CHAPTER 19Asset Allocation

Asset allocation studies are intended to formulate diversified portfolios of asset classes that will maximize long‐term return within acceptable levels of risk. With the expected returns, risks, and correlations in Exhibit 18.2 as inputs, portfolios of maximum return can be calculated for varying levels of risk using optimization software. Collectively these optimized portfolios form what is called an efficient frontier.

Ideally, investors that are fiduciaries select a portfolio‐risk level that is prudent, which means a risk level that peers might select facing similar circumstances. This prescription for decision‐making has turned circular in recent years as returns for otherwise prudent portfolios are insufficient to meet enterprise required returns, such as actuarial interest rates. This moves fiduciaries to select higher‐risk, higher‐return asset mixes, now deemed prudent because others are doing the same. The concern is that return, not risk, is now driving asset allocation studies.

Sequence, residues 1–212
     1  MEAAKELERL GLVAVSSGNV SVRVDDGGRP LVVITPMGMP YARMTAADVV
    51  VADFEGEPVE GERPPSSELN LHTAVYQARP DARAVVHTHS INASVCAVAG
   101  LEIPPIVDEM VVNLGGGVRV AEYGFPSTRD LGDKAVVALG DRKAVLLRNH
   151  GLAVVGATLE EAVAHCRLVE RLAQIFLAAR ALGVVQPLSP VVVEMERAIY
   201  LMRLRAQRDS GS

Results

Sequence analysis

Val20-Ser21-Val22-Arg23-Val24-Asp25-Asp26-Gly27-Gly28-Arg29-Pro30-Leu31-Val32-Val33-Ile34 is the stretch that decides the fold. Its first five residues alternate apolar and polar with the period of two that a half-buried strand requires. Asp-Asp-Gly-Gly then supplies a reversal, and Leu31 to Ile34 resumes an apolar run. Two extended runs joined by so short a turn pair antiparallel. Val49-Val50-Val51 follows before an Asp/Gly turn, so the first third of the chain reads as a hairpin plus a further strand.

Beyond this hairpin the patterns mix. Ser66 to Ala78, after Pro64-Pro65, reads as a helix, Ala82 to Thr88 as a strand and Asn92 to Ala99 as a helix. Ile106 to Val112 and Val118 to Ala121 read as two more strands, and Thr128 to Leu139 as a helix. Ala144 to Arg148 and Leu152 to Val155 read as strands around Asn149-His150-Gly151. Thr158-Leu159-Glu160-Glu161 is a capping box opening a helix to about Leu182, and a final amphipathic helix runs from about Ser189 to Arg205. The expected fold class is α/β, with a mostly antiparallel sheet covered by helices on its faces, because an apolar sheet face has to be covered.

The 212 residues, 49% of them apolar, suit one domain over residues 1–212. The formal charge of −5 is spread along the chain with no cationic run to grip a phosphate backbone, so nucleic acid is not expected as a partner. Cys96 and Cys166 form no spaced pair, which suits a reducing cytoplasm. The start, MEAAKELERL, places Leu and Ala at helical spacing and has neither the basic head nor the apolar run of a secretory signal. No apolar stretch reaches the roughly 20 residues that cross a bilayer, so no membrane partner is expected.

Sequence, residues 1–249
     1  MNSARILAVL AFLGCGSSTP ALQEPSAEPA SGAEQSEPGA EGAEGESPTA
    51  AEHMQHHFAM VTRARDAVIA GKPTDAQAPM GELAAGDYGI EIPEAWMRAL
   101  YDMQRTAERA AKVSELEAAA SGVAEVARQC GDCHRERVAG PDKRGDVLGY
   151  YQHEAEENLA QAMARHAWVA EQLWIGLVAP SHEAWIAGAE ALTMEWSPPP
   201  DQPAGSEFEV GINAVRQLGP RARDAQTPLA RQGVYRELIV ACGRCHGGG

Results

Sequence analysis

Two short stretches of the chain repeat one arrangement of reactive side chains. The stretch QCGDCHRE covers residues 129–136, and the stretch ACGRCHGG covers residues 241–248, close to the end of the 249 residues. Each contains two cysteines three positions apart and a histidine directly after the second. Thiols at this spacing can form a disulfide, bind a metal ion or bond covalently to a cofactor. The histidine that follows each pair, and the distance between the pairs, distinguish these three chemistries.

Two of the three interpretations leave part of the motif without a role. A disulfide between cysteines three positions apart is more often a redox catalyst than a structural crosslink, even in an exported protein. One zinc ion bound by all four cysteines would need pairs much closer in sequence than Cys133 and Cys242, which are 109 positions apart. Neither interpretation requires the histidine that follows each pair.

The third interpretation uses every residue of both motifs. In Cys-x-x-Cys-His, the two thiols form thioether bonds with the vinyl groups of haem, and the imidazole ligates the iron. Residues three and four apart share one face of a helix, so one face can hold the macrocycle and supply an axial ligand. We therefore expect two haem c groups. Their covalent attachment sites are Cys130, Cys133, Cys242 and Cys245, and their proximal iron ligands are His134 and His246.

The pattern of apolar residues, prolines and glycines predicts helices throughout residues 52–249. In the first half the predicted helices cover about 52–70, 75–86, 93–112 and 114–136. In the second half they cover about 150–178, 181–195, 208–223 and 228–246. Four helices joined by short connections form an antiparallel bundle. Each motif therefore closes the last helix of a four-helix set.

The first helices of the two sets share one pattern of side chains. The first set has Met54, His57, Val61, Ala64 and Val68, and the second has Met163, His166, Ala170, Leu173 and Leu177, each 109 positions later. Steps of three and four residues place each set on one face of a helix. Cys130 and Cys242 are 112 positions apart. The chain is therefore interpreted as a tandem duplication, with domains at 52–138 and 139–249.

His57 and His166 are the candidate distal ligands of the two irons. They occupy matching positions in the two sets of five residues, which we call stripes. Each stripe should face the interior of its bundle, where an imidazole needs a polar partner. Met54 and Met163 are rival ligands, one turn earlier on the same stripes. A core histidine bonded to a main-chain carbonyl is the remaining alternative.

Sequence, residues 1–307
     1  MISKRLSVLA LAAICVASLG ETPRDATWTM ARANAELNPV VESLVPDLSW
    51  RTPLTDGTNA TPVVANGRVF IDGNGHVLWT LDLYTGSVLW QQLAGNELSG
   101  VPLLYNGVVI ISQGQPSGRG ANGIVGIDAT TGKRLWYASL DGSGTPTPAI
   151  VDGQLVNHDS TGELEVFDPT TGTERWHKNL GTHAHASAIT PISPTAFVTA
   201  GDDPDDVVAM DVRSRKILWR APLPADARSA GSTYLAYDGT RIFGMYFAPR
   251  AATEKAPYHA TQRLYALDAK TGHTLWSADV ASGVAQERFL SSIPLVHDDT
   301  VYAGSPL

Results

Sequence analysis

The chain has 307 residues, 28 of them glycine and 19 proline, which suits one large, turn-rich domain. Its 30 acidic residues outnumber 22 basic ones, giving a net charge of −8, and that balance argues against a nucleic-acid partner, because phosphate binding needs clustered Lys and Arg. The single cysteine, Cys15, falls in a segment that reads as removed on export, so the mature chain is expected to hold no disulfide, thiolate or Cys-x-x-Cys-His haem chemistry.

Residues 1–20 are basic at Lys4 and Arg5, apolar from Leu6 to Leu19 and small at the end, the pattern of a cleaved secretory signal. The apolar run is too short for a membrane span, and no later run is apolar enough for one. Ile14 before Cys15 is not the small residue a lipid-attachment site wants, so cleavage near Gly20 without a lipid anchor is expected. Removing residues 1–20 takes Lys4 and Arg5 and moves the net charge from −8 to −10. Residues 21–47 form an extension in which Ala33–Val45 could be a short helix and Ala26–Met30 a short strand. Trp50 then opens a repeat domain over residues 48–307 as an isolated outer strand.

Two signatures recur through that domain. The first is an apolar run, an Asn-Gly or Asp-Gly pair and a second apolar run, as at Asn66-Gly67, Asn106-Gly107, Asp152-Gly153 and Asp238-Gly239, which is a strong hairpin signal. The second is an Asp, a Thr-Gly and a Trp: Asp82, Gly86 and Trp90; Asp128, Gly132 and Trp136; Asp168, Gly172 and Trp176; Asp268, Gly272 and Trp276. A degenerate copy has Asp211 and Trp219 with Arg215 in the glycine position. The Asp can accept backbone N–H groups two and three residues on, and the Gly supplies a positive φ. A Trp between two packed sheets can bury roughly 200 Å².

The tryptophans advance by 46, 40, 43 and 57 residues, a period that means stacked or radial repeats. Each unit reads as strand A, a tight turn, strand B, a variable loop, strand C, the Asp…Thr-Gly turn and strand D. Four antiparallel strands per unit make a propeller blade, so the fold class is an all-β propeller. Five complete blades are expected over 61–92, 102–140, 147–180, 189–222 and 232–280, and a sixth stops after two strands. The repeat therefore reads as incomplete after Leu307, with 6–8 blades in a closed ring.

Along the way fiduciaries have looked to alternative investments as a potential solution for improving returns without excessive risk. Commercial equity real estate was the earliest alternative to stocks and bonds in the 1980s but lost its bloom during real estate busts of the early 1990s and again in 2008–2009. Allocators have systematically increased risk forecasts for real estate over time without commensurate increases in return. As a result, asset allocation ...

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